Rep. Ros-Lehtinen will also be leaving behind a strong tradition of moderation within her party. While taking hard stances on some issues, such as relations with Cuba, she bucked the Republican Party numerous times on immigration reform, abortion rights, LGBT rights and healthcare. Ros-Lehtinen is the first member of Congress to have an openly transgender child. She was the first Republican in the House to support gay marriage and she has been one of the most vocal Republican critics of President Trump.

This moderate streak has allowed her to thrive in an increasingly blue district.

Either running unopposed or wining by double digits, Ros-Lehtinen has not had much trouble getting elected. However, Florida’s 27th Congressional District, which she currently represents, is becoming more Democrat-friendly by the year. This trend reached a climax last year when the district voted for Clinton over Trump by almost 20 percentage points – the most Democratic district to be represented by a Republican. Given her legacy, Ros-Lehtinen has been able to succeed amid the change. She won re-election in 2016 by about a 10-point margin.

Now that she is retiring, the district is increasingly likely to fall into Democratic hands. Registered Democrats currently outnumber registered Republicans 37 to 34 percent, and the DNC is already on the offensive. Only a top-tier candidate could woo Republican donors into believing the 2018 race is worth investing in.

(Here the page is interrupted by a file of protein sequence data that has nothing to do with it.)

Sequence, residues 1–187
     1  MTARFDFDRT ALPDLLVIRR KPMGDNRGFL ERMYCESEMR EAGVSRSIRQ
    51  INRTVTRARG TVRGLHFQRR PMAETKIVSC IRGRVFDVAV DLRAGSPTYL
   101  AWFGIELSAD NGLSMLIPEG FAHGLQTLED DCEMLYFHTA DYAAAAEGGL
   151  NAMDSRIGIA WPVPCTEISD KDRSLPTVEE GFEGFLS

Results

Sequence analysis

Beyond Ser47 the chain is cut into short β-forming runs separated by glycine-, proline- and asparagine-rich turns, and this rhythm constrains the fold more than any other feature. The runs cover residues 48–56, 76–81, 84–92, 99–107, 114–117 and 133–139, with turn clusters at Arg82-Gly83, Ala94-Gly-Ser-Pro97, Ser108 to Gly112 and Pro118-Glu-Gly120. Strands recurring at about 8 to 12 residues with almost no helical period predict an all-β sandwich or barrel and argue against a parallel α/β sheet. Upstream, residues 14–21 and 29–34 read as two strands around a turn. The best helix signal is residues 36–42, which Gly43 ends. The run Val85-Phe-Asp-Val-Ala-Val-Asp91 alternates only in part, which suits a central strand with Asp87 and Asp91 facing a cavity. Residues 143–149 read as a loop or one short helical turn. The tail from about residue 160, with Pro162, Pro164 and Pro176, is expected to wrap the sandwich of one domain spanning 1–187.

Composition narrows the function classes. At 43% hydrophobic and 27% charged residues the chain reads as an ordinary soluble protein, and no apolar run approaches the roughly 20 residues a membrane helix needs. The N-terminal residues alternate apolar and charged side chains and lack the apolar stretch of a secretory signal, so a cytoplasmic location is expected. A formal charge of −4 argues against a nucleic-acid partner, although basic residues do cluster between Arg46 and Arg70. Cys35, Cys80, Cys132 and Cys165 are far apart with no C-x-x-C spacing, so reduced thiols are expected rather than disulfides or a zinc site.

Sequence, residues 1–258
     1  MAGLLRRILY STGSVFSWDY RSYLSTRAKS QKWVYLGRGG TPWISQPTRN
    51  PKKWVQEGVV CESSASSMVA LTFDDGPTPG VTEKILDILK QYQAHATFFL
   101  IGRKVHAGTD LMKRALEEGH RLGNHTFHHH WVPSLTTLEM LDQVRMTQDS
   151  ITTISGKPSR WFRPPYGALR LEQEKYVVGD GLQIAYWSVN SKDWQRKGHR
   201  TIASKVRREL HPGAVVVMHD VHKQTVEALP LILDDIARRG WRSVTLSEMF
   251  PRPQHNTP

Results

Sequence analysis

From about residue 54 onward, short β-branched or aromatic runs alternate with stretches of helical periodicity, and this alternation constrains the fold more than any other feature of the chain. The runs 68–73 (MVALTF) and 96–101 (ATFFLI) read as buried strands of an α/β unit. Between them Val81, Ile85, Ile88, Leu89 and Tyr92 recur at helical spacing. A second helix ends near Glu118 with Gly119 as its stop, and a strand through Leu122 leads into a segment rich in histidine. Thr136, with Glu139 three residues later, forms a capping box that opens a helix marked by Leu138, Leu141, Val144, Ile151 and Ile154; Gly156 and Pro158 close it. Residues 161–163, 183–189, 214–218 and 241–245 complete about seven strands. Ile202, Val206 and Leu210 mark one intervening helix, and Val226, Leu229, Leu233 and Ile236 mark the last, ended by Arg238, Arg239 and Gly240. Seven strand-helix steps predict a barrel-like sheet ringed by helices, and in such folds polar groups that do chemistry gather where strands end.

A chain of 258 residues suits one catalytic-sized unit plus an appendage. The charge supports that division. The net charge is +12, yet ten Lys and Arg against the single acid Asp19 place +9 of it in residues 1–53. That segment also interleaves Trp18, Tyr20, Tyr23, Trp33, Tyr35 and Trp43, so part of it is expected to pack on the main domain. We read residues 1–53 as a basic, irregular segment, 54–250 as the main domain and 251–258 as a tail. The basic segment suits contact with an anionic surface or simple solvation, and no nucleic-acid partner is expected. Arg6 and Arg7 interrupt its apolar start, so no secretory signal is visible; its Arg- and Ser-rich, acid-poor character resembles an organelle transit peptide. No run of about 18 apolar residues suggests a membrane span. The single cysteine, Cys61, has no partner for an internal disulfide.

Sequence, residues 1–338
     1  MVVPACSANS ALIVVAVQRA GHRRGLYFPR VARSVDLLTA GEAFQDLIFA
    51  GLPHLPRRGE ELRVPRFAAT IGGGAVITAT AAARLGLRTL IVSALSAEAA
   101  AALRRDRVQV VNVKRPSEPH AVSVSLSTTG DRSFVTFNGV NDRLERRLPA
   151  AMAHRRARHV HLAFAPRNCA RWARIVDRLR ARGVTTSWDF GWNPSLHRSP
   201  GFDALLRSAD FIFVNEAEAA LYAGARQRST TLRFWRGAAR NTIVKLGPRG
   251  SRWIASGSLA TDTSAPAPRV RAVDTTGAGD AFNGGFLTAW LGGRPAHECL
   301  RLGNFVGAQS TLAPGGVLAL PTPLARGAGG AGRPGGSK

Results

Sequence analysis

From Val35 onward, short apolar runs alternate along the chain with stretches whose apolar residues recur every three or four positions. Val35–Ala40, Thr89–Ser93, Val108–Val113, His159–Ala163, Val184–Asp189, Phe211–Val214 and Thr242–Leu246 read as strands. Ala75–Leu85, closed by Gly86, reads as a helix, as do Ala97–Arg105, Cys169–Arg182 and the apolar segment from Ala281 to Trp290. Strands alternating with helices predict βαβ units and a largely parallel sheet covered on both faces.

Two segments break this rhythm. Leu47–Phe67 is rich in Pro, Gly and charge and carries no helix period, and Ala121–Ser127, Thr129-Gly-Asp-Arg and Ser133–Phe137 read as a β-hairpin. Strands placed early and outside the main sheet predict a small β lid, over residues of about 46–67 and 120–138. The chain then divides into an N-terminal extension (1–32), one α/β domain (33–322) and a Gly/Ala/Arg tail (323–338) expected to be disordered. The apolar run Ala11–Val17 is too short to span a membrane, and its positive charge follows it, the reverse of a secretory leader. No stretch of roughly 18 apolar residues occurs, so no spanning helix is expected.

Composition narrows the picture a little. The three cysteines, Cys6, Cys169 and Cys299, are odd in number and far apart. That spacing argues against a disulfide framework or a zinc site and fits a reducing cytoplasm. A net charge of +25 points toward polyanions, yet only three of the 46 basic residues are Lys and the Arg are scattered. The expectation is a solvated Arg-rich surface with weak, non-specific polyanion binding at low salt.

The Democrat Ros-Lehtinen beat by 10 points last year, Scott Fuhrman, has already announced he’s running again in 2018. Despite hitting the ground running with name recognition, he may not succeed in a Democratic primary where the district is around 58 percent Hispanic.

Miami Beach Commissioner Kristen Rosen Gonzalez has been courted by Democratic operatives in Florida and had announced her candidacy before Ros-Lehtinen declared her retirement. University of Miami academic adviser Michael A. Hepburn is also running as a Democrat.

The candidate Florida Republicans believe could be their best hope is former Miami-Dade school board member Raquel Regalado. A moderate Hispanic in the similar mold of Ros-Lehtinen, Regalado could possibly win with the same coalition of moderate Democrats and Republicans who have kept the current congresswoman into power. While not yet announcing a run, Regalado says she is giving it serious consideration.

To their merit, the Florida GOP does have an impressive list of other names considering a bid in the district. Lt. Gov. Carlos Lopez-Cantera, state Sen. Anitere Flores and state Rep. Jeanette Núñez are other names being floated around.